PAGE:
And if you think the administration is fascist you should probably crack a history book and actually try to understand the meaning of the words you're writing. If Bush was really a fascist you wouldn't be reading this, since you'd be in a shallow mass grave somewhere. Are you so disconnected from reality?

  • by ScrewMaster (602015) on Sunday December 24, 2006 @03:07PM (#17354948)
    Just like our public institutions have managed to sustain the impression of WWII as "the good war", where we were fighting real evil, the administration sees the chance to frame bombing Iran as "the good war" of Bush. Iran is making it very easy for them.

    Um ... what exactly wasn't "evil" about the Nazi and Japanese war machines? Pointless, unrestrained brutality is one manifestation of evil, one that has cost the lives of billions of people throughout history. Such brutality was the Nazi hallmark, and their erstwhile ally Japan was no better. To claim that Allied efforts in World War II were somehow tainted or misguided is insane: as a matter of fact, the U.S. tried very hard to ignore what was happening in Europe. When England asked for our help, our response was to come up with "Lend Lease", hoping that the Brits could handle Germany by themselves. They couldn't, and that delay cost a lot of lives, when you get right down to it. Had we put paid to Hitler before he got moving World War II might have amounted to little more than the first Gulf War. The arguably even-more-brutal Japanese military regime was a perfect partner for Germany at the time, but they might not have gone to war had we not let Germany go as far as it did before doing anything about it.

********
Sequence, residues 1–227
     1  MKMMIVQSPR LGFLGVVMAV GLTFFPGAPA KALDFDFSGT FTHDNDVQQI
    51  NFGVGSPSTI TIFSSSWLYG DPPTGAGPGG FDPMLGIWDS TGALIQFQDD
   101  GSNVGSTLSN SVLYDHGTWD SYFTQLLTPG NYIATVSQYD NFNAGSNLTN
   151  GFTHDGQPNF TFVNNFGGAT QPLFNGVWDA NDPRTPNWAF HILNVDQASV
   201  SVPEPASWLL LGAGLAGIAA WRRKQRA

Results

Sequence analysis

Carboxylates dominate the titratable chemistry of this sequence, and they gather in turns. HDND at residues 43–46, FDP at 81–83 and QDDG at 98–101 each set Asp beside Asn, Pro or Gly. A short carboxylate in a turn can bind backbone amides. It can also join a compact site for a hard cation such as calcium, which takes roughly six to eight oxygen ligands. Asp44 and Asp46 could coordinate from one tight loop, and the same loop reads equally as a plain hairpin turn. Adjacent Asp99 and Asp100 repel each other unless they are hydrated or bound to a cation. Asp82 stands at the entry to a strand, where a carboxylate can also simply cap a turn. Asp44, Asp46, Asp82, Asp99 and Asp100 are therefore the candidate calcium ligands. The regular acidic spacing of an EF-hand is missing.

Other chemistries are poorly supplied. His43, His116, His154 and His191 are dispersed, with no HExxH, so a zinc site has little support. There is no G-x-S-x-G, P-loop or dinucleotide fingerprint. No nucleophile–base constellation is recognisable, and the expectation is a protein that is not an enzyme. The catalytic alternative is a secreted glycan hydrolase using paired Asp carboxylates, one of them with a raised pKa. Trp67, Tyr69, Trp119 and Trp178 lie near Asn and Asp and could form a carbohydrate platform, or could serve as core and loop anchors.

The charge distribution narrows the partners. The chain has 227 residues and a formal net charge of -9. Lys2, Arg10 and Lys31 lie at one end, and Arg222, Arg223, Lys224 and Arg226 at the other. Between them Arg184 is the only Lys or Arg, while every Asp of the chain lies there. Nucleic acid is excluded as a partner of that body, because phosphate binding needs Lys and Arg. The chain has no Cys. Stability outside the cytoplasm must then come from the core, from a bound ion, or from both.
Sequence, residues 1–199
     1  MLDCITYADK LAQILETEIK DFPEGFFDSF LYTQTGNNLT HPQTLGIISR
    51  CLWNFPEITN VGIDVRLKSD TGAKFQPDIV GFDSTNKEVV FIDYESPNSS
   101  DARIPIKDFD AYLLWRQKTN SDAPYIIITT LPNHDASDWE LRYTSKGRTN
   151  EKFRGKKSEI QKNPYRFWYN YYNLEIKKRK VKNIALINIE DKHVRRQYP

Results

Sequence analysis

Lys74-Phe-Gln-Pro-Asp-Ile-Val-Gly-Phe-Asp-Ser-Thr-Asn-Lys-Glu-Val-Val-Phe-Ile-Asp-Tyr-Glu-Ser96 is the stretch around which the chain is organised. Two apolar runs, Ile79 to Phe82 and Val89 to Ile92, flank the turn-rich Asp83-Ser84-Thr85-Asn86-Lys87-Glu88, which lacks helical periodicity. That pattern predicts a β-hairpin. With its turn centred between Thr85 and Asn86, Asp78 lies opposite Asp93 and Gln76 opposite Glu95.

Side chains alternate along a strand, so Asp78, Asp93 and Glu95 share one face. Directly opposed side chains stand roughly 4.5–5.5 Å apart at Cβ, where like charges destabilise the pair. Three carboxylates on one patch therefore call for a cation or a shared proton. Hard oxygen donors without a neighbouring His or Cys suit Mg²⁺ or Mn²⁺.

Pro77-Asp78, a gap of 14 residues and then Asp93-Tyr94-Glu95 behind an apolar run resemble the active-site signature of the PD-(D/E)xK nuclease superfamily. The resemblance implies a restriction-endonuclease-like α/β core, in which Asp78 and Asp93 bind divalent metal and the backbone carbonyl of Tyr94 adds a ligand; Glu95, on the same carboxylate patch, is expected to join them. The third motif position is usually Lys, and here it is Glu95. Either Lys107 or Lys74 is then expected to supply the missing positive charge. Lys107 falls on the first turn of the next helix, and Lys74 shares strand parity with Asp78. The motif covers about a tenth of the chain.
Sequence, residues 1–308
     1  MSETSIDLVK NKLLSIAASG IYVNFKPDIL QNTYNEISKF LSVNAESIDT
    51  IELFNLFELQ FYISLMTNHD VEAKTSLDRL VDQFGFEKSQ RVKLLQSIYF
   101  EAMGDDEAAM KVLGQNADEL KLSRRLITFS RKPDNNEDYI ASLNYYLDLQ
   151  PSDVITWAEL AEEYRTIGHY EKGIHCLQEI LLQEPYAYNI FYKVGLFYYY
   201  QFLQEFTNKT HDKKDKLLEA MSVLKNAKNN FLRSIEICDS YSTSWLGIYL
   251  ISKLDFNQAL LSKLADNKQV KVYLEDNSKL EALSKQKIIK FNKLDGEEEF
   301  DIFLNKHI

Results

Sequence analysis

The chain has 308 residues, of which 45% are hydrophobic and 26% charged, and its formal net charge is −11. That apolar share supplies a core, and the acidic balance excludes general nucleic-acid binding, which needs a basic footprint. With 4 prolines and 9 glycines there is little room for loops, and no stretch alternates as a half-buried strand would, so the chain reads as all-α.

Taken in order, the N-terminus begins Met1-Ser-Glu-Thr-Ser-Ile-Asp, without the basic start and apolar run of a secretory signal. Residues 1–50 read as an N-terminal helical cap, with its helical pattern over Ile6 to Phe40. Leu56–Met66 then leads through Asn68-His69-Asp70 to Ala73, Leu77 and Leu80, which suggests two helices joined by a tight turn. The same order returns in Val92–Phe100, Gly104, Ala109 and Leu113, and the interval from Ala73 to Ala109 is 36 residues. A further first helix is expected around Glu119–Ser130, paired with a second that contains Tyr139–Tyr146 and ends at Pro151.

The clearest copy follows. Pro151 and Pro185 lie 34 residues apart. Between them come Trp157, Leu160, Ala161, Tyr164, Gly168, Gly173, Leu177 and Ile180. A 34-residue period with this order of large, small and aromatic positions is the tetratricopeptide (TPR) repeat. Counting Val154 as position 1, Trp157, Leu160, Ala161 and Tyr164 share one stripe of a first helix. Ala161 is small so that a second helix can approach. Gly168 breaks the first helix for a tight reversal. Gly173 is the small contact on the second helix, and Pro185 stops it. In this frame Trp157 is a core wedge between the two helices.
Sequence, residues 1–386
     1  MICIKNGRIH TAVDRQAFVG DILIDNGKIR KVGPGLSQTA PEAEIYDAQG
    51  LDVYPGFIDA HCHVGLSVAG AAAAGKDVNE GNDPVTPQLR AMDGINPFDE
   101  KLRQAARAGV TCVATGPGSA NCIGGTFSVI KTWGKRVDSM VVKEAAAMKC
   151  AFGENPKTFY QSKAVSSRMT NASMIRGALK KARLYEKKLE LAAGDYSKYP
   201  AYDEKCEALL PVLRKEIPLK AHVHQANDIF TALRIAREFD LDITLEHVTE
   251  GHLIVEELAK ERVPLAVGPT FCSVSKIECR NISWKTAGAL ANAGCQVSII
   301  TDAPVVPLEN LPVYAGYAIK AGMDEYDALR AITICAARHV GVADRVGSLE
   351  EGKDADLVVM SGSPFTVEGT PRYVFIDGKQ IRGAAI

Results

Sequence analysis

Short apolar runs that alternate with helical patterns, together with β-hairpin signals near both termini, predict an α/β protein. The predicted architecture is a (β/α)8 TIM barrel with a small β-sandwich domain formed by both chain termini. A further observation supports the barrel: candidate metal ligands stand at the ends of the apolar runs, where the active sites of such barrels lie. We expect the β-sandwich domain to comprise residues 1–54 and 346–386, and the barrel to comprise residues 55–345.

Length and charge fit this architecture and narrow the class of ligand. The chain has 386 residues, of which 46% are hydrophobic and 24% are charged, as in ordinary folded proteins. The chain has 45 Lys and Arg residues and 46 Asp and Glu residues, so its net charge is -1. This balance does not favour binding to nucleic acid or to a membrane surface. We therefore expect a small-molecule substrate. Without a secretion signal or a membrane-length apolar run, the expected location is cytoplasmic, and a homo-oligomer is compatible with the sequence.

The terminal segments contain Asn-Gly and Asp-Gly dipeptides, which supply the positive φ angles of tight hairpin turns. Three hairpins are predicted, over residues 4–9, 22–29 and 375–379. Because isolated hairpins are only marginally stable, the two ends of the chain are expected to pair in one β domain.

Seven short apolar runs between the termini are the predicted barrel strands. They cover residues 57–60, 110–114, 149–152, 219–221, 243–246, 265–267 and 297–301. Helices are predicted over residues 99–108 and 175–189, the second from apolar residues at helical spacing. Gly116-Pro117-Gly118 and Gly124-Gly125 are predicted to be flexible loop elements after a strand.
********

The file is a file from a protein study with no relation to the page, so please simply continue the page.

So far as any war effort can be considered "good", I'd say that World War II was one of them. Ask the French how they felt about us when we moved into Paris. Ask the British how they felt when our men and war materiel started arriving at their ports. I understand your desire to provide valid criticism of the current Administration, but your comment demeans the thousands of Allied soldiers that died putting real evil back in the bottle, and the millions of U.S. citizens that worked hard to make it possible.
  • by Flendon (857337) on Sunday December 24, 2006 @03:43PM (#17355156) Homepage Journal

    ... because there have not been crimes committed in the USA related to Iran and terrorism.